Designing multigradient biomaterials for skin regeneration


Skin defects are amongst the main causes of morbidity and mortality worldwide, which account for significantly high socioeconomic costs. Today, much attention is being paid to tissue engineering and biomaterials strategies for skin regeneration, and among them, there is increasing interest in using multigradient biomaterials. Gradient-based approaches are an emerging trend in tissue engineering for the homogeneous delivery of therapeutic agents by using biomaterials. Several studies have acknowledged that wound repair mechanisms could be enhanced through biomimicking physicochemical properties of different skin layers. In addition, in different layers of skin tissue, cells experience various physicochemical gradients, which potentially regulate their behaviors. Therefore, interface tissue engineering and biomaterials approaches are gaining increasing attention for skin regeneration through the incorporation of physicochemical gradients within the engineered constructs. This review first presents a necessary overview of the biological properties of skin tissue and its changes during repair in different tissue injuries. Fundamental issues and necessities of using different types of gradient scaffolds and interface tissue engineering strategies for skin regeneration are addressed. The focus of this review is on describing current progress in designing gradient scaffolds for controlling and directing cellular and molecular responses in skin tissue. The main used fabrication approaches, including both traditional and advanced methods for designing multigradient scaffolds, are also discussed. (c) 2019 The Author(s). Published by Elsevier Ltd.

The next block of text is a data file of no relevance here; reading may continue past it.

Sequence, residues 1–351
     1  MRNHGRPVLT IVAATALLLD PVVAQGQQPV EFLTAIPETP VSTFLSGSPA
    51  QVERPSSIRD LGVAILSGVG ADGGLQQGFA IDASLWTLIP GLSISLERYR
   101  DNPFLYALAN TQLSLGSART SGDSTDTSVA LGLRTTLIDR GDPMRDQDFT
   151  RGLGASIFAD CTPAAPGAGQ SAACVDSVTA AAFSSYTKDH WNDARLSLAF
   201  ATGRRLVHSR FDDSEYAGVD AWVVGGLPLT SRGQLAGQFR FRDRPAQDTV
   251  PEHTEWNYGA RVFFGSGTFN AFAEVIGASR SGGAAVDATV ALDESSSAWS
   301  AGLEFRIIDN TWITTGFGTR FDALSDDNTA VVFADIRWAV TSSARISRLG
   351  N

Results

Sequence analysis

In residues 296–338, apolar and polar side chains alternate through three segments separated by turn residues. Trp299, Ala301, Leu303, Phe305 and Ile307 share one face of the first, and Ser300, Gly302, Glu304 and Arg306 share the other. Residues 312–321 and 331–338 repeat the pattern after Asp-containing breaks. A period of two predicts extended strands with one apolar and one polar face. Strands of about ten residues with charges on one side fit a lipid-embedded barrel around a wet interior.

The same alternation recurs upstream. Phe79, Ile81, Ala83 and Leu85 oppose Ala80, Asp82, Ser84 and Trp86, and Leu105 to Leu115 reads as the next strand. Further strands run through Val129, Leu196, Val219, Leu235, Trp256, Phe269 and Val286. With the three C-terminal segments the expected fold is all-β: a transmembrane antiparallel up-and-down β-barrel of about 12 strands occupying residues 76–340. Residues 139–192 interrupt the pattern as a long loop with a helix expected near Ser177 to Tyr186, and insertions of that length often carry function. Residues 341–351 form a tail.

subject category

Materials Science


Rahmati, M; Blaker, JJ; Lyngstadaas, SP; Mano, JF; Haugen, HJ

our authors


This work was supported by a project A Bioactivated Nanolayered Hydrogel for Dermal Regeneration in Hard-to-Heal Ulcers with acronym BioNaNOR funded by Research Council of Norwegian (RCN) Nano2021 grant number 287991 and a project Promoting patient safety by a novel combination of imaging technologies for biodegradable magnesium implants, MgSafe funded by European Training Network within the framework of Horizon 2020 Marie Sklodowska-Curie Action (MSCA) grant number No 811226 (

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